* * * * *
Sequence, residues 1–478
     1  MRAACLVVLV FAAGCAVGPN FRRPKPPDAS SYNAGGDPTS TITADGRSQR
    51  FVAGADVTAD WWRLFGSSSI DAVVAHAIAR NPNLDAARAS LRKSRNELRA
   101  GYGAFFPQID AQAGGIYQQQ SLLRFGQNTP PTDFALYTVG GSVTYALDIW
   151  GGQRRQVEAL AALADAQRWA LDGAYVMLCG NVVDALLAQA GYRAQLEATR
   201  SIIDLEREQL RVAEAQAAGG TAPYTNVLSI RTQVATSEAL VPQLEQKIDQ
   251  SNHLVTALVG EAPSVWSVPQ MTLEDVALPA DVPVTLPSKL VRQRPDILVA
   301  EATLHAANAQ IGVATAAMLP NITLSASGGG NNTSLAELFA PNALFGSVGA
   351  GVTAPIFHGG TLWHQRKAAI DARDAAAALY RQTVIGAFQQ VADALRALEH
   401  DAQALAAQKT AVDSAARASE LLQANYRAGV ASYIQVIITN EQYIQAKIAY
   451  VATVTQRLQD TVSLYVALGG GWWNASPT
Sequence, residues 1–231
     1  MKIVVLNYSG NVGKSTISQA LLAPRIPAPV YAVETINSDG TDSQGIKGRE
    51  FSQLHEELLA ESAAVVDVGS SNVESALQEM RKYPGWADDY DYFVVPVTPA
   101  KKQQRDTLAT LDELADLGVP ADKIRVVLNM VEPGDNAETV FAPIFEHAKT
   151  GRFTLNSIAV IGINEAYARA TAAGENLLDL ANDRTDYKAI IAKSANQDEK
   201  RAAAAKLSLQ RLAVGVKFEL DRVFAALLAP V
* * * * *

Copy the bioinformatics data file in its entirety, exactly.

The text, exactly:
Sequence, residues 1–478
     1  MRAACLVVLV FAAGCAVGPN FRRPKPPDAS SYNAGGDPTS TITADGRSQR
    51  FVAGADVTAD WWRLFGSSSI DAVVAHAIAR NPNLDAARAS LRKSRNELRA
   101  GYGAFFPQID AQAGGIYQQQ SLLRFGQNTP PTDFALYTVG GSVTYALDIW
   151  GGQRRQVEAL AALADAQRWA LDGAYVMLCG NVVDALLAQA GYRAQLEATR
   201  SIIDLEREQL RVAEAQAAGG TAPYTNVLSI RTQVATSEAL VPQLEQKIDQ
   251  SNHLVTALVG EAPSVWSVPQ MTLEDVALPA DVPVTLPSKL VRQRPDILVA
   301  EATLHAANAQ IGVATAAMLP NITLSASGGG NNTSLAELFA PNALFGSVGA
   351  GVTAPIFHGG TLWHQRKAAI DARDAAAALY RQTVIGAFQQ VADALRALEH
   401  DAQALAAQKT AVDSAARASE LLQANYRAGV ASYIQVIITN EQYIQAKIAY
   451  VATVTQRLQD TVSLYVALGG GWWNASPT
Sequence, residues 1–231
     1  MKIVVLNYSG NVGKSTISQA LLAPRIPAPV YAVETINSDG TDSQGIKGRE
    51  FSQLHEELLA ESAAVVDVGS SNVESALQEM RKYPGWADDY DYFVVPVTPA
   101  KKQQRDTLAT LDELADLGVP ADKIRVVLNM VEPGDNAETV FAPIFEHAKT
   151  GRFTLNSIAV IGINEAYARA TAAGENLLDL ANDRTDYKAI IAKSANQDEK
   201  RAAAAKLSLQ RLAVGVKFEL DRVFAALLAP V